How ENVISAGE is empowering caregivers: Changing the view of parenting and caregiving for children with disability.

Posted
5 December 2023

One year after the announcement of the $6.9m of federal government funding to provide support for caregivers raising children with disabilities, ENVISAGE – which stands for ENabling VISions And Growing Expectations – is changing lives across Australia.

To date, nearly 400 parents and caregivers have either undertaken the 5-workshop program, are currently doing the program, or are enrolled for the program across Australia, thanks to ENVISAGE’s partnership with 22 Children’s Therapy Service Providers across the country.

In Australia, ENVISAGE Families consortium is led by the Australian Catholic University and includes the University of Melbourne, Murdoch Children’s Research Institute, McMaster University in Canada, Perth Children’s Hospital, Royal Children’s Hospital Melbourne and the Institute for Urban Indigenous Health., ACU, MCRI, UoM and MCMaster conducted research in both Australia and internationally which showed that ENVISAGE Families empowers parents and caregivers to take a strengths-based approach to their family life, especially when applied early in the life of a child with developmental concerns or disability.

The funding by the Australian Government Department of Social Services recognised the huge need for families and gap in services in this area and has empowered the consortium to launch ENVISAGE Families nationally through partnerships with Children’s service providers across Australia.

Since the ENVISAGE Families Program was launched nationally, it has proven to be an invaluable resource for families managing the complexities of raising children with developmental concerns or disabilities. Through a series of informative and supportive workshops, parents have had the opportunity to come together, connect and share experiences, strategies, and insights. As a result, participants have shared several key takeaways that have profoundly impacted their perspective on parenting, selfcare, and their child’s development.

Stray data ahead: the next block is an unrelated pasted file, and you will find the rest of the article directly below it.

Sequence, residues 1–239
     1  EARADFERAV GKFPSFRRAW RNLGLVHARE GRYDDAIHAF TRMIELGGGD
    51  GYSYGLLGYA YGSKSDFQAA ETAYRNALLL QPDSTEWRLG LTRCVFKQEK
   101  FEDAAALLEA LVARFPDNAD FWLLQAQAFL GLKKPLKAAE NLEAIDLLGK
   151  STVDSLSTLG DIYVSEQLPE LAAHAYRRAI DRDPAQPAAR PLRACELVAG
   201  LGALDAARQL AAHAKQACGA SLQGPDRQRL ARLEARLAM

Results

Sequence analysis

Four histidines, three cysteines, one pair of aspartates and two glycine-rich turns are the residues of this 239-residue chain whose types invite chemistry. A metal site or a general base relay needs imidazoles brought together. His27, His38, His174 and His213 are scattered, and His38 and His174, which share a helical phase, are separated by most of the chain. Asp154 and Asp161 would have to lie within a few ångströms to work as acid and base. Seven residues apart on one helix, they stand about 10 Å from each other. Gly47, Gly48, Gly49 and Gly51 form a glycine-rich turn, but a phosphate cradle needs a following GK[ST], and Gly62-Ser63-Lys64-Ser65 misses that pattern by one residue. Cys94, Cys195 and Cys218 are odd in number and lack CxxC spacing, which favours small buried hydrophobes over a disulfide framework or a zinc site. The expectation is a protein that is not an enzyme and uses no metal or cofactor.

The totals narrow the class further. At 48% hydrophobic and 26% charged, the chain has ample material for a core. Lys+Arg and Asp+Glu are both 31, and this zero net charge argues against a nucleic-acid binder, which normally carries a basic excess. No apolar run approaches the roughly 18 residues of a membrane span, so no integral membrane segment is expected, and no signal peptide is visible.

For one Victorian parent, the ENVISAGE Program has been life changing.

“Doing the ENVISAGE Program was like coming up for air after being underwater for a long time.

For years, I had been submerged in the diagnoses and therapies of my children and my fear for their futures, but ENVISAGE was such a positive experience for me, encouraging me to reframe my perspective and examine my values as a parent by focusing on my children’s strengths instead of their challenges,” said Mandanna Daemi, whose life as a parent was so changed by the program that she enrolled to become a Parent Peer Facilitator.

The Role of Facilitators

One of the standout aspects of the ENVISAGE Families Program is the dedicated facilitators who have been trained by the ENVISAGE team to deliver the program across Australia. Both the service providers and parent peer facilitators went above and beyond to make the facilitated workshops accommodating and informative. Their guidance and expertise were instrumental in shaping the program’s success, creating a safe and open space for parents to share and learn.

Mandanna says, “Shifting the emphasis from my children’s therapies to having fun and enjoying time together as a family has had a profound impact on our relationships, happiness and wellbeing.”

As ACU’s ENVISAGE Chief Investigator, Associate Professor, Dr Laura Miller, has co-led ENVISAGE since 2017 – driven by an identified gap in evidence-based supports for families and caregivers. She says the design of ENVISAGE is informed by the lived experiences and needs of this cohort. Families, service providers, and clinicians are involved at every step of research and implementation. Rather than focusing on specific diagnoses or developmental concerns, ENVISAGE looks at the common experiences that impact families and their relationships – and builds a strengths-based focus.

“Our program is really designed to change the way people think, feel and talk about disability. Whether that be parents themselves, service providers or community members,” Laura said.


“It’s thinking about all the things children can do – and what they love to do – and what they’d like to do into the future.”

Recently, the ENVISAGE First Peoples Program was also launched for parents and caregivers that identify as Aboriginal or Torres Strait Islander, or are raising children that do. The First Peoples Program is future-focused and aims to empower and support First Nations families who are raising children with developmental concern or disability to feel strong, be strong and stay strong. The Program has been co-created with mob, to ensure it is a culturally safe space.

For more information please don’t hesitate to contact us